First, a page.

It’s not clear whether the IRS and Prince’s estate will agree on the value of his music catalog; it’s difficult to put a dollar value on this kind of asset.  The estate can learn from the experience of Michael Jackson’s estate.  He died in 2009 and yet his estate is still not settled.  The tax case will go on trial in Los Angeles next month where there will be a dispute about more than $700 million in taxes, interest and penalties.

You probably aren’t worth this kind of money but even if your estate is only worth a few hundred thousand dollars, you should still have an estate plan.  It will make it much easier for your heirs and will enable them, rather than the government, to share in the total value of your estate.

For more information about estate planning, go to our website http://www.diesmart.com.

What’s a big problem in China?  No wills!

chinese-will-centerIt’s only been in the last 30 years that China has allowed people to accumulate wealth.  Prior to that, it really didn’t matter.  There was no private property to pass along to a descendant so a will was not needed.

Now, some of the first generation to benefit from the ability to accumulate wealth are dying and it’s causing a huge problem with inheritance disputes that are taking up the time of the courts and causing rifts between family members.

We came across a story in USA Today that illustrated the problem and explained what the Chinese government is trying to do to fix it.

“When people die without a will their children scramble for their property, damaging family ties and having a negative effect on society,” the state-run Xinhua News Agency has warned.

“Only 1% of China’s 220 million seniors have drawn up inheritance plans, according to best estimates.  The reason is cultural: talking about death is taboo and writing a will is akin to putting a curse on yourself.”

“Consider the publicized case of Yan Jiying, a coal baron from the northern province of Shanxi.  He died in 2015 at the age of 71, leaving his estranged wife, long-term mistress and six children to fight over his assets.”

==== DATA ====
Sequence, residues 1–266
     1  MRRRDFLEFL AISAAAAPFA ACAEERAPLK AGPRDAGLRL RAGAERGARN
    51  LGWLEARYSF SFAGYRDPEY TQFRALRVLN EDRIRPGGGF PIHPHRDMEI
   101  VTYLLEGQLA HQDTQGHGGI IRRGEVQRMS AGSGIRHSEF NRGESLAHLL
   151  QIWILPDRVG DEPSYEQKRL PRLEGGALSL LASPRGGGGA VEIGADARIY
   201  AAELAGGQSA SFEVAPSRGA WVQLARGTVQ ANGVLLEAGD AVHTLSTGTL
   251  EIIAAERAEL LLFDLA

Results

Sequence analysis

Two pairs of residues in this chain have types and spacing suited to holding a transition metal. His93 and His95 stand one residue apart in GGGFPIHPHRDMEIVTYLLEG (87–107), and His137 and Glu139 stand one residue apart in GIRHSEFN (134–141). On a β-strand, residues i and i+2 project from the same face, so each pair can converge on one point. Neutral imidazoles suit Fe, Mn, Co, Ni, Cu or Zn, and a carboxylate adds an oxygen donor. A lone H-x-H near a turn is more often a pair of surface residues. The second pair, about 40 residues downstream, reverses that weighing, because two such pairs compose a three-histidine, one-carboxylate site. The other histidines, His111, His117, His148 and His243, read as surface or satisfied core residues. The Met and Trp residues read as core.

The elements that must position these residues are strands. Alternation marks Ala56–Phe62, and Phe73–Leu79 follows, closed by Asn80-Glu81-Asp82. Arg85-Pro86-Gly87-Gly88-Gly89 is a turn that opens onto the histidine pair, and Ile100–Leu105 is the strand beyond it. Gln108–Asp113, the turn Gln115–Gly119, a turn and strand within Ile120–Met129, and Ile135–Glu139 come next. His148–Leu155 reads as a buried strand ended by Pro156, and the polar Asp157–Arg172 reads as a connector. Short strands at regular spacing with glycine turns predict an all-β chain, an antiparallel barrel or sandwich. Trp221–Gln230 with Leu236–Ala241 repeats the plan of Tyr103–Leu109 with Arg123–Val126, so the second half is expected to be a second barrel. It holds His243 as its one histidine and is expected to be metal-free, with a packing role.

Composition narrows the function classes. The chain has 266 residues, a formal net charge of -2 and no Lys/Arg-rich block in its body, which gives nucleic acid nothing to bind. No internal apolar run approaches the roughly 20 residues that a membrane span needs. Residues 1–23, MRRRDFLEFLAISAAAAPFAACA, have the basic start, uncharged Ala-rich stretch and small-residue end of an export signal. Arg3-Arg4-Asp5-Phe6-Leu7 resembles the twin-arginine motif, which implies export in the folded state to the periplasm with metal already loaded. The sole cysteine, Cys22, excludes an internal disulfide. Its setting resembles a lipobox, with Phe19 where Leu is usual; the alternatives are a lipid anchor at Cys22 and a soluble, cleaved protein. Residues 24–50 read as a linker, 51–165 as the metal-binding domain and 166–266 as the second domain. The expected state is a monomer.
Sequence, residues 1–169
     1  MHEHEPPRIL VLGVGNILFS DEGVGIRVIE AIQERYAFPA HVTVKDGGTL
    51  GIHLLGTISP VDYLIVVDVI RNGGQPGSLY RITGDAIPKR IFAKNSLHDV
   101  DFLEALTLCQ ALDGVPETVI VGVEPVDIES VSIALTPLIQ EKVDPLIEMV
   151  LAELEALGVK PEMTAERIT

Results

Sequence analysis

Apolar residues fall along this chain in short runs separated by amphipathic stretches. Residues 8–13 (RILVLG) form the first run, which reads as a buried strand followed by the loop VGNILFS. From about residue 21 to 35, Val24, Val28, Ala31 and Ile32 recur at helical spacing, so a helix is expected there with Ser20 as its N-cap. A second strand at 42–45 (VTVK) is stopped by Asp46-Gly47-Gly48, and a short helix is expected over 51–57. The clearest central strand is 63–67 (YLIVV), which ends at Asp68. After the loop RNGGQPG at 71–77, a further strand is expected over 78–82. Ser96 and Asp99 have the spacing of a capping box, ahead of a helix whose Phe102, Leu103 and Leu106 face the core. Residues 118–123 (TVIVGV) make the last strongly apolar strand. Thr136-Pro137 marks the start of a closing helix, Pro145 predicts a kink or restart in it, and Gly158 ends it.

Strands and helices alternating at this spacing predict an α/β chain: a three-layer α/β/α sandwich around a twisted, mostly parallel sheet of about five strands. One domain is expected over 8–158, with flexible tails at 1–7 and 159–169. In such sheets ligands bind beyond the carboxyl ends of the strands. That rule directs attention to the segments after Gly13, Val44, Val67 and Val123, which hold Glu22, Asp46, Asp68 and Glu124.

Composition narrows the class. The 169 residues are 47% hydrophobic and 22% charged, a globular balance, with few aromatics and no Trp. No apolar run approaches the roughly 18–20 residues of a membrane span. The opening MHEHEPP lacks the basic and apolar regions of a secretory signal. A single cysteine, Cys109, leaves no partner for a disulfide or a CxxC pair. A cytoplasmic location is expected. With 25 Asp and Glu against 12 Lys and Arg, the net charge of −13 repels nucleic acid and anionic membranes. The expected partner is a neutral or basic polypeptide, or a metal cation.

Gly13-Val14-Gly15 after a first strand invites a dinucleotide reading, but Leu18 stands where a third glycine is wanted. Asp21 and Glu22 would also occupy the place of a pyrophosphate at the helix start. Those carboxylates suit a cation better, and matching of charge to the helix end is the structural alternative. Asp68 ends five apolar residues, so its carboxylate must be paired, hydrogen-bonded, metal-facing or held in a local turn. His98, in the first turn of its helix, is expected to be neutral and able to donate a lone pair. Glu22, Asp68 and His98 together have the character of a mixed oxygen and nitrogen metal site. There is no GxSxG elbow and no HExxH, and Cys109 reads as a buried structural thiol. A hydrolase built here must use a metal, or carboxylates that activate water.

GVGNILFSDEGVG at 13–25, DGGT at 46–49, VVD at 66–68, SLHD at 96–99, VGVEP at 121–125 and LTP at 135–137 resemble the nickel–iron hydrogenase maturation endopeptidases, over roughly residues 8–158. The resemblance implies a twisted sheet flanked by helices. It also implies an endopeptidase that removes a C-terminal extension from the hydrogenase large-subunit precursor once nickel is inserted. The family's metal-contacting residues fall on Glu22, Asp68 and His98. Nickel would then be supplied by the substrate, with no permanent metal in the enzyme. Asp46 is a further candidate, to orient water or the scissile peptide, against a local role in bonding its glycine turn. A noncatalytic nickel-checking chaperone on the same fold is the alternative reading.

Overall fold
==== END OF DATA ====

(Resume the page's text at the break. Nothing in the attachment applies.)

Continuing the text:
“The government is calling on local authorities around the country to establish free legal centers for those over 60. One charity doing that since 2013 is the China Will Registration Center, founded by Chen Kai, a young lawyer with a passion to protect seniors. “

“ The waiting list for appointments at his first Beijing center now stretches into September, proof that people will write a will if they can find support they trust, Chen said. “We want to teach old people that they are the masters of their fortune, that they have the right to decide what happens to their hard-earned money, ” he said.”

“On a recent morning around a dozen seniors were squeezed around a communal table at the center, diligently transcribing the final copy of their will. They begin by dictating their wishes to a lawyer, who types up a draft. The clients are then evaluated by a visiting psychiatrist to establish clarity of mind, they record video testimony of their wishes in the presence of two independent witnesses, and finally copy the final document by hand.”

“For many, the last step is the hardest. Most are over 70 and have shaky hands or poor eyesight. Transcribing a page of formal Chinese characters mistake-free is no easy task. But Chen is adamant that they do it this way, saying he has seen too many badly written wills challenged. He wants his clients to be sure their wishes will be respected even if some family members do not like them.”

Although the percentage of people in the United States having wills is much higher than 1%,  it’s still below 50%.  If you don’t have a will, you should consider preparing one so that your family won’t have to deal with issues related to your estate once you’re gone.  To find out more about preparing a will and other estate planning steps, check out our website http://www.diesmart.com.